Stark images of misery in Somalia spark action
A drought in the Horn of Africa has destroyed crops for more than a year. Refugees are pouring out of Somalia, the failed, lawless state. Lucky ones reach refugee camps just over the border in Kenya. Already there are 450,000 thousand people jammed in one those camps that was designed for 90,000.
In all, right now, 12 million people are at risk of starvation.
Some remarkable pictures have been coming in from the growing humanitarian disaster in East Africa.Horn of Africa famine: How to help
Somalia refugees: No food to break Ramadan fast
Obama says Somalia deserves more attention
New York Times photojournalist Tyler Hicks recently returned from Somalia with pictures of the starving. CBS Evening News anchor Scott Pelley talked to Tyler Hicks on Tuesday about his trip and what he saw there.Tyler Hicks' New York Times photo essay on Somalia
Pelley: Tyler, your pictures of course are all about individuals, but I'm curious about what we can't see. Can you give us an idea of how many people are affected this way?
Hicks: It's not a place that you have to look very far. Everywhere in the city there are people streaming in. Particularly the thing that jumped out at me were the amount of children and how incredibly frail they were. There are women - every single one is carrying what looks like skin and bones and I honestly - there were moments that I didn't notice that the child they were carrying was alive until they shifted and you could see that the child was moving.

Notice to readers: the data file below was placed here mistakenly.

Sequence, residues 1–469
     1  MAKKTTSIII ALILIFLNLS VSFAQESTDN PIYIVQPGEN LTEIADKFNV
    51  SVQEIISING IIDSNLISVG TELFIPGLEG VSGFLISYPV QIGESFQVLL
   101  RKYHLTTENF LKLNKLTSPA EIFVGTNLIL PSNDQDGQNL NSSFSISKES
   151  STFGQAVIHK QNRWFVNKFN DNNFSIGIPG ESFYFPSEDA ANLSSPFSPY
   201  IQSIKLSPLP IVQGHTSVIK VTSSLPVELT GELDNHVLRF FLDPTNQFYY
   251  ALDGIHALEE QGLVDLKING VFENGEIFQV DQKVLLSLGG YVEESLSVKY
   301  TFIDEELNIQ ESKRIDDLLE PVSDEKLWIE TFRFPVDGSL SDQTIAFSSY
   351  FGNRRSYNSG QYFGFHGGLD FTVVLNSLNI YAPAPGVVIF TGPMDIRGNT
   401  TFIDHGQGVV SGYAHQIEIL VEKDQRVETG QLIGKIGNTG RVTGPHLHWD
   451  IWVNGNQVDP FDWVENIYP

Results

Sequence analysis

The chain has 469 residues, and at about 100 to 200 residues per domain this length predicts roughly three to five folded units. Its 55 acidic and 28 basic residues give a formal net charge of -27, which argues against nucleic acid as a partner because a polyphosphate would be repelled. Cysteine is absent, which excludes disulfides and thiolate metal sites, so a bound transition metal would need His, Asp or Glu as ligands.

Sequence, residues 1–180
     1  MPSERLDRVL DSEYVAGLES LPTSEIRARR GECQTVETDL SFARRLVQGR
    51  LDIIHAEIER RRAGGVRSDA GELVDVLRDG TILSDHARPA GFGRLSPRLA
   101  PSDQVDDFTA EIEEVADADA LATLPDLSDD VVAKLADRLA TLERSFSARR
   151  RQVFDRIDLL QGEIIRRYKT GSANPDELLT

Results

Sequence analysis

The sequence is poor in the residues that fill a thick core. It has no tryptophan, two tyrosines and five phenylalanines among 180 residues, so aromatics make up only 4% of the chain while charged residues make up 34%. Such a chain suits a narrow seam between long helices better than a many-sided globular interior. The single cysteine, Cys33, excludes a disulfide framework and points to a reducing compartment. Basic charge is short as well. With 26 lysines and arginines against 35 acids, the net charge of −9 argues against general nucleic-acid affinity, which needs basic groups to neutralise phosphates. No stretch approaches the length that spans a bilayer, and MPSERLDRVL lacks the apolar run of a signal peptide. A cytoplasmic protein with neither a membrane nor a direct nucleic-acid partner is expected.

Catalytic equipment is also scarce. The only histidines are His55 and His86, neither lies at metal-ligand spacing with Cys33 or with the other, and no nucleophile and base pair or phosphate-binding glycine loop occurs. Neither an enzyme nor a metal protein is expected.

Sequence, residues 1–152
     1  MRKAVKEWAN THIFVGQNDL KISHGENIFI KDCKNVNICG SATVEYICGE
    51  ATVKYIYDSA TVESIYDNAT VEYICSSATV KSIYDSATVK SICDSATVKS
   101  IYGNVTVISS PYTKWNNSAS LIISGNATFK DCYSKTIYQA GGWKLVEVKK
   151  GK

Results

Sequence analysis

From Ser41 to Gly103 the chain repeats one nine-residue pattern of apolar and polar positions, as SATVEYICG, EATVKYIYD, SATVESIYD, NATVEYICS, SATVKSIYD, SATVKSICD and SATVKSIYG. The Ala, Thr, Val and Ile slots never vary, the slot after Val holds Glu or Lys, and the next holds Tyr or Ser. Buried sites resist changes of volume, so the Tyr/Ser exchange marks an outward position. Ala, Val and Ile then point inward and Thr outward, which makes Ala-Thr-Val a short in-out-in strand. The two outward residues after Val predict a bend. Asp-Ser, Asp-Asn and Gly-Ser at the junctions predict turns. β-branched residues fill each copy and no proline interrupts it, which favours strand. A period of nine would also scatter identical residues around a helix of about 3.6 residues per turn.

Pelley: In terms of the people that are truly starving that we see in your photos are we talking about dozens, hundreds, thousands?
Hicks: Thousands, many thousands of people, and the fact that they're coming into Mogadishu, one of the most unsafe cities in the entire world, says a lot about the condition of what they're experiencing in their villages and how desperate they have to be.
Hicks: This particular child really struck me, how skinny this child was and the position of how the child was laying on the table was really striking and I thought it got the point across of how desperate it is there.
Pelley: You were in Mogadishu for four days. I wonder in the time you were there, any signs of improvement, any hopeful signs?
Hicks: Not at all. If anything, it appears that this would probably get worse before it gets better. They're arriving literally with nothing, and it's a very desperate situation for them.
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